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St. Ives (1976) Poster

(1976)

Trivia

'The Video Vacuum' has said of this film: "In the wake of Chinatown (1974)'s success, Hollywood went detective crazy. When they weren't remaking movies[,] old detective movies like 'Farewell My Lovely' [See: Murder, My Sweet (1944)], they were doing flicks that channeled the detective films of the 30's and 40. St. Ives (1976) is such a film. The main character isn't exactly a detective but he's involved in a case that isn't too far removed from the sort of predicament Phillip Marlowe frequently found himself in."
Jump to: Cameo (4)
The meaning and relevance of this movie's 'St. Ives' title is that it refers to the last name of the movie's central character, Raymond St. Ives, played by Charles Bronson. The main American movie poster boasted that "Charles Bronson is Ray St. Ives" in its tagline. Bronson's earlier movie, Mr. Majestyk (1974), had also featured his character's surname as its movie title, but with the courtesy title of "Mr." included. Interestingly, the French version of this movie is called 'Monsieur St. Ives', which translates into the English language as, 'Mr. St. Ives'.
Included on the DVD release is, Bronson: St. Ives (1976), an 1976 original short documentary about this movie.
'The New York Times' said that this movie had a central character which was ". . .the kind of private-eye role that Humphrey Bogart used to do."
This movie represented the first of nine teamings of director 'J Lee Thompson' with star actor Charles Bronson. After this picture, they made The White Buffalo (1977), Cabo Blanco (1980), 10 to Midnight (1983), The Evil That Men Do (1984), Murphy's Law (1986), Death Wish 4: The Crackdown (1987), Messenger of Death (1988) and Kinjite: Forbidden Subjects (1989).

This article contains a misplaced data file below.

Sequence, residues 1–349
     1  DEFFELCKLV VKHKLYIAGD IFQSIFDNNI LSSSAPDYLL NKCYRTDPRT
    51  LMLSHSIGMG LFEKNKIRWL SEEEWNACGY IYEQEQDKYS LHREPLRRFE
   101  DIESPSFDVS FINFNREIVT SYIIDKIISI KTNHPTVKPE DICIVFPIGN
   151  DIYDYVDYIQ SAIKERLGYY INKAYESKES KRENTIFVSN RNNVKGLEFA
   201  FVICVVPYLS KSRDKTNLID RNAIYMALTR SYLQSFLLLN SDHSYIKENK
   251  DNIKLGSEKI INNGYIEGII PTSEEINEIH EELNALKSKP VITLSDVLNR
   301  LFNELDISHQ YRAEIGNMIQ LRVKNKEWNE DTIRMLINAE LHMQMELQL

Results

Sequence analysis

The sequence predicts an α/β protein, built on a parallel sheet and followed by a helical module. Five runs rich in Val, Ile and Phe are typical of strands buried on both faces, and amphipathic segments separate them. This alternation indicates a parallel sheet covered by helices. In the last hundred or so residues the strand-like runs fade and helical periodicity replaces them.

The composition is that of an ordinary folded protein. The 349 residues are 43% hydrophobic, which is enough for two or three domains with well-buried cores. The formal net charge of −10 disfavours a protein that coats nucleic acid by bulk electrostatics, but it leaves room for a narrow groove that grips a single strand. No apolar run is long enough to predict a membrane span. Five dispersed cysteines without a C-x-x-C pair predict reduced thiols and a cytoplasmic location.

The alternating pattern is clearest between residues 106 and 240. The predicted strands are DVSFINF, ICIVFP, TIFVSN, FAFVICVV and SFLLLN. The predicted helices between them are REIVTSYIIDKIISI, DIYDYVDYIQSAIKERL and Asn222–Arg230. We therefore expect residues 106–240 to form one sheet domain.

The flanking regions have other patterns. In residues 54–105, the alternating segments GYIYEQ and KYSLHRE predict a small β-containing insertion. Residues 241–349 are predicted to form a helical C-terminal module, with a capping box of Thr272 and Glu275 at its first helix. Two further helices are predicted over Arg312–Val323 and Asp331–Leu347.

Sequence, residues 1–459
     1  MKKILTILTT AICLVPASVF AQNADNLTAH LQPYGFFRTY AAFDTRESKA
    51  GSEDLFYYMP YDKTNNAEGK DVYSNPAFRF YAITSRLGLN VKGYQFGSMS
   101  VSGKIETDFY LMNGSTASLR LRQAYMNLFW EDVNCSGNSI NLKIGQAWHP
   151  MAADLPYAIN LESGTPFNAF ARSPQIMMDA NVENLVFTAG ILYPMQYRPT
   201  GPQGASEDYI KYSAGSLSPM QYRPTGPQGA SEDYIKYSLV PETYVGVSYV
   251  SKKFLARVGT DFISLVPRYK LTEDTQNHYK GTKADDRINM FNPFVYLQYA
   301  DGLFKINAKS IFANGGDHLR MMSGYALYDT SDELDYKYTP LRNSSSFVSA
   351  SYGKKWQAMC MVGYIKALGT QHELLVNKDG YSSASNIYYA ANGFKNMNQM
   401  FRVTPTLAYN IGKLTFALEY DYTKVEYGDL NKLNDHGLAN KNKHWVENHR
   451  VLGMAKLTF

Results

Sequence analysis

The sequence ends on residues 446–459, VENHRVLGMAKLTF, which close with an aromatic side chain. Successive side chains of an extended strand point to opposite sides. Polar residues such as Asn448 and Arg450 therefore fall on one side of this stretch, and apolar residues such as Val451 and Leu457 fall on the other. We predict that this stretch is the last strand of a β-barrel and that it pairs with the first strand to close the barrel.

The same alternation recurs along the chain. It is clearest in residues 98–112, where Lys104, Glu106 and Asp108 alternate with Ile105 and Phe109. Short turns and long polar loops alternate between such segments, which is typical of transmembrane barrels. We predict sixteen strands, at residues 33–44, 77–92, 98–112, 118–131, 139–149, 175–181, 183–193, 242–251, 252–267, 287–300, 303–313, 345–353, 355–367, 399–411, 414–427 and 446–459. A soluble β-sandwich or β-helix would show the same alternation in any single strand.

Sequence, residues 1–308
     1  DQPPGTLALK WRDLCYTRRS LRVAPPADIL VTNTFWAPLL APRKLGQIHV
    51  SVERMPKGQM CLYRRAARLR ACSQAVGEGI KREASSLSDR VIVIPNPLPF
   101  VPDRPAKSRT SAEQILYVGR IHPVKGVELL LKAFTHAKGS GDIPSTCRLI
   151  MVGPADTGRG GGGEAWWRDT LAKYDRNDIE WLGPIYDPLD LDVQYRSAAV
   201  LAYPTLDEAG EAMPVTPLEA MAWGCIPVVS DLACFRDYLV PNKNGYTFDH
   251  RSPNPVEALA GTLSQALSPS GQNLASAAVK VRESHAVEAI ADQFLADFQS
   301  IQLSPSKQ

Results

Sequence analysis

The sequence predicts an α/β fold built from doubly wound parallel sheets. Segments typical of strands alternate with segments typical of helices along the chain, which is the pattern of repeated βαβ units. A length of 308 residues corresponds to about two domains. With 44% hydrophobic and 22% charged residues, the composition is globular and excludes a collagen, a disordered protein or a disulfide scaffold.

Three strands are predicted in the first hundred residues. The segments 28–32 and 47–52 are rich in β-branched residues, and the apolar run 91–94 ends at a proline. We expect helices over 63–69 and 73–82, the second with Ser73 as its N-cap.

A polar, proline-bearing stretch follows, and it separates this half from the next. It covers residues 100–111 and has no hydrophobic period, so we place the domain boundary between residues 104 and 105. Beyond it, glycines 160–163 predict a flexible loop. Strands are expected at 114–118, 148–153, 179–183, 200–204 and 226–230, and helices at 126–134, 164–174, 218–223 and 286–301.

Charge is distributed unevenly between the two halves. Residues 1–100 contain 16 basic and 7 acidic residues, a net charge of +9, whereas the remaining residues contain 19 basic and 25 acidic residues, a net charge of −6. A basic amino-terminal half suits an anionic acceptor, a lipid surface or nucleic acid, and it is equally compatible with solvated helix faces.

This movie represents the first of ten teamings between producer Pancho Kohner and star actor Charles Bronson. After this picture, they made The White Buffalo (1977), Love and Bullets (1979), 10 to Midnight (1983), The Evil That Men Do (1984), Murphy's Law (1986), Assassination (1987), Death Wish 4: The Crackdown (1987), Messenger of Death (1988) and Kinjite: Forbidden Subjects (1989).
Charles Bronson was about fifty-four years of age when he appeared in this movie.
This movie was made and released about five years after the Ross Thomas novel 'The Procane Chronicle' was first published in 1971. Thomas wrote the novel under the pseudonym Oliver Bleeck.
'Wider Screenings' has called this movie a "detective 'film noir' homage" which "features a dense detective plot in the manner of classic 1940s 'film noir' private eye stories."
Of Charles Bronson in this movie, 'The New York Times' remarked that his ". . . sagging eyes and mustache make him look more and more like Fu Manchu." In film history, Bronson never played the Fu Manchu character in motion pictures.
This movie's MacGuffin are some stolen papers, documents, plans and ledgers which are owned by Abner Procane played by John Houseman. Interestingly, a few years before this movie was made, Houseman appeared in the The Paper Chase (1973) in which he won the Best Actor in a Supporting Role Academy Award Oscar. Charles Bronson's mission in this picture is to recover these papers, his charge being a kind of "paper chase" in a sense.
This Charles Bronson movie was theatrically released between his pictures From Noon Till Three (1976) and The White Buffalo (1977).

Cameo 

Jeff Goldblum:  As Hood #3. Goldblum also appeared in a bit cameo as a thug in Charles Bronson's earlier movie Death Wish (1974).
Robert Englund:  The future Freddy Kruger as Hood #1.
Harris Yulin:  As Detective Oller.
Michael Lerner:  As Myron Green.

See also

Goofs | Crazy Credits | Quotes | Alternate Versions | Connections | Soundtracks

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